hugo-nicholson
25th October 2011

Album: The Drums – Portamento

Like your music bland and samey? You’ll love this.
Album: The Drums – Portamento

The Drums
Portamento
Moshi Moshi/Island Records

2 out of 5

Just over a year since the release of their critically acclaimed, self-titled debut, The Drums are back with Portamento, their palpably unremarkable second effort. Given the turbulence of the band’s recent past (losing a guitarist, and dealing with the upheaval that came with it), you might expect Portamento to be musically a very different record to The Drums. It isn’t: it merely sounds like a moodier re-run.

Despite this, ‘Book of Revelation’ is still a strong opener, retaining the melancholy catchiness and infectious bass of their first album. “I’ve seen the world, and there’s a heaven and there’s no hell”, lead singer Jonathan Pierce assures us during the chorus; unfortunately, listening to the album’s other 11 tracks arguably proves the opposite. By the time we reach the fourth track ‘Money’, the album’s first single, the songs already begin to blend into a bland musical sameness. Although the slower tempo and softer, less frantic vocals of ‘Searching For Heaven’ do introduce some progression, the band then revert back to their usual quick, poppy style for the remaining five tracks. ‘If He Likes It Let Him Do It’, with its Morrissey-esque vocals (heard throughout the album, most obviously in ‘Money’), quickly becomes annoying, and Pierce’s whining voice on ‘In the Cold’ doesn’t take long to start grating.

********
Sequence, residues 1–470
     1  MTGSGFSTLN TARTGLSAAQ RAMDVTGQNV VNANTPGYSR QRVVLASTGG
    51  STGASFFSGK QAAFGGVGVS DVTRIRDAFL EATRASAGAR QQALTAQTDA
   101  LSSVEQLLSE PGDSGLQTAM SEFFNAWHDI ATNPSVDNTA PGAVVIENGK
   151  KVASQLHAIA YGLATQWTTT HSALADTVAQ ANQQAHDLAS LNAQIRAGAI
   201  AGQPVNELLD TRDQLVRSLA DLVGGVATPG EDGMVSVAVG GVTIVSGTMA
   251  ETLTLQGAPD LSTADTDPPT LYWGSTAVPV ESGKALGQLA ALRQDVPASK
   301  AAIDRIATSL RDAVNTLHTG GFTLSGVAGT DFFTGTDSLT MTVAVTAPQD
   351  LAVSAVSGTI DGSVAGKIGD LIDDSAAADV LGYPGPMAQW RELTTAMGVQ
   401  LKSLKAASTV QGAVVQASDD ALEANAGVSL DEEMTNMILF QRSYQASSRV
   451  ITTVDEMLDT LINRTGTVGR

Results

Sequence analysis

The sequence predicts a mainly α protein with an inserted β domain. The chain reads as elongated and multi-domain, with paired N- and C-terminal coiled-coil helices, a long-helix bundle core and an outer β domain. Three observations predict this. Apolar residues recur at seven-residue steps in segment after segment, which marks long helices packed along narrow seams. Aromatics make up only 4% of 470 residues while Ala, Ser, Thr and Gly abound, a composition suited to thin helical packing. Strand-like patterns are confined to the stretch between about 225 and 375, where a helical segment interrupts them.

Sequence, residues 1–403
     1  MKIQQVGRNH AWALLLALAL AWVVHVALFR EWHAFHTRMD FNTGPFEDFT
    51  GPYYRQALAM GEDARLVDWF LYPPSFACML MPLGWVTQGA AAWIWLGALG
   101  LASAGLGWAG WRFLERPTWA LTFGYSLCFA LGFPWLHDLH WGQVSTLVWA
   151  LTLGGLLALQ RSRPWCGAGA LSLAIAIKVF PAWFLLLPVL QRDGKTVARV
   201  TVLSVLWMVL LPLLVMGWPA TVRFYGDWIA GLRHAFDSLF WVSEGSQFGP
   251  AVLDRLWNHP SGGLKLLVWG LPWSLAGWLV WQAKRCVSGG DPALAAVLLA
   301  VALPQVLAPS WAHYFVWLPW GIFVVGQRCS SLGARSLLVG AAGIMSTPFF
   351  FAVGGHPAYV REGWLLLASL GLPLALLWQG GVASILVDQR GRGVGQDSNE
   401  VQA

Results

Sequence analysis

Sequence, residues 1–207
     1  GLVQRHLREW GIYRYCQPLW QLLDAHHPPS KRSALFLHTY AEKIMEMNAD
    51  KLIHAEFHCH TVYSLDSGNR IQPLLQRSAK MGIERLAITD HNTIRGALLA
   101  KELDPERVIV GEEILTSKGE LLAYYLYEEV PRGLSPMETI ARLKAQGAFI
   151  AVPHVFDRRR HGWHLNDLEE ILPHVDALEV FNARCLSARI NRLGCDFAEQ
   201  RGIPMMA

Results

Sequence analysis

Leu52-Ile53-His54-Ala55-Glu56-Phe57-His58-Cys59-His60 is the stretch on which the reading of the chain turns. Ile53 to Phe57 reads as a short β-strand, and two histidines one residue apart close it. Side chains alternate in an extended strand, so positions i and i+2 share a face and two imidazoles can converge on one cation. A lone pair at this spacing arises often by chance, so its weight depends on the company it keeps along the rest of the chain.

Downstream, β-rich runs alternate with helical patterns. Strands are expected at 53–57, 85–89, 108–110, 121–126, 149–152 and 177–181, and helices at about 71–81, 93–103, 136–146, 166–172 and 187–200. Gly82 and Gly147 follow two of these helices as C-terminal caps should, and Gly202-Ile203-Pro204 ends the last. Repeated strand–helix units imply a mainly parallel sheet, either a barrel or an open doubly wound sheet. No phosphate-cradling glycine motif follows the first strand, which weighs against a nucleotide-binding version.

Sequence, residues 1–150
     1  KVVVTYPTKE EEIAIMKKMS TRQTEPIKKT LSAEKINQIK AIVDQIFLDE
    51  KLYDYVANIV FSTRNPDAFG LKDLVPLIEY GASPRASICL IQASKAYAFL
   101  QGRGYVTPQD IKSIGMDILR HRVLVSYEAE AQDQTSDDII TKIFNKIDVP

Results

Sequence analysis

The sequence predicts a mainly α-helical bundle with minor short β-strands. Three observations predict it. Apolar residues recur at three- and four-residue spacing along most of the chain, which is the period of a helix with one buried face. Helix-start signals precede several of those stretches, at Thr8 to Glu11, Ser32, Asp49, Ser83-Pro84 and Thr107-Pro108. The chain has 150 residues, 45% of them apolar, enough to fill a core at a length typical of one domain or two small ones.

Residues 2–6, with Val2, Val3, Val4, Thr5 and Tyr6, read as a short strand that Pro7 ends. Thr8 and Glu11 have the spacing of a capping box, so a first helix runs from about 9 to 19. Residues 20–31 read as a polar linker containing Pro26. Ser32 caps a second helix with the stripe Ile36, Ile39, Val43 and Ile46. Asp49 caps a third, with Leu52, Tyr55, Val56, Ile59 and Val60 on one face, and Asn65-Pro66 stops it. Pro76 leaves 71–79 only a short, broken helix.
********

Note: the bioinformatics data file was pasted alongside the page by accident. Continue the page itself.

The word ‘portamento’ is an Italian term denoting a vocal slide between two pitches, but despite its connotations with change there is little to be found here. Few of the 12 tracks on Portamento are actively bad, but most are lazy and uninventive, which makes the album a frustrating listen. Pierce’s lyrics in ‘Hard to Love’ perhaps sum up the album well; “I would never hate you, but you’re hard to love” – except in this case, it’s very hard.


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